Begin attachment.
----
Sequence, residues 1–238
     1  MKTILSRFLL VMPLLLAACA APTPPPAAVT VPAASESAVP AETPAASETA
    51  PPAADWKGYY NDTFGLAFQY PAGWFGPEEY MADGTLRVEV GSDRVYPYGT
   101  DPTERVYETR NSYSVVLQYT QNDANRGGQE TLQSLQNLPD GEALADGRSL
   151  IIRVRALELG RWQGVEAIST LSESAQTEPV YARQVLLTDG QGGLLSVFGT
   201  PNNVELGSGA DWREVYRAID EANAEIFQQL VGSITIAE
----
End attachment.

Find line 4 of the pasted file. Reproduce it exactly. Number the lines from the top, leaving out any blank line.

   101  DPTERVYETR NSYSVVLQYT QNDANRGGQE TLQSLQNLPD GEALADGRSL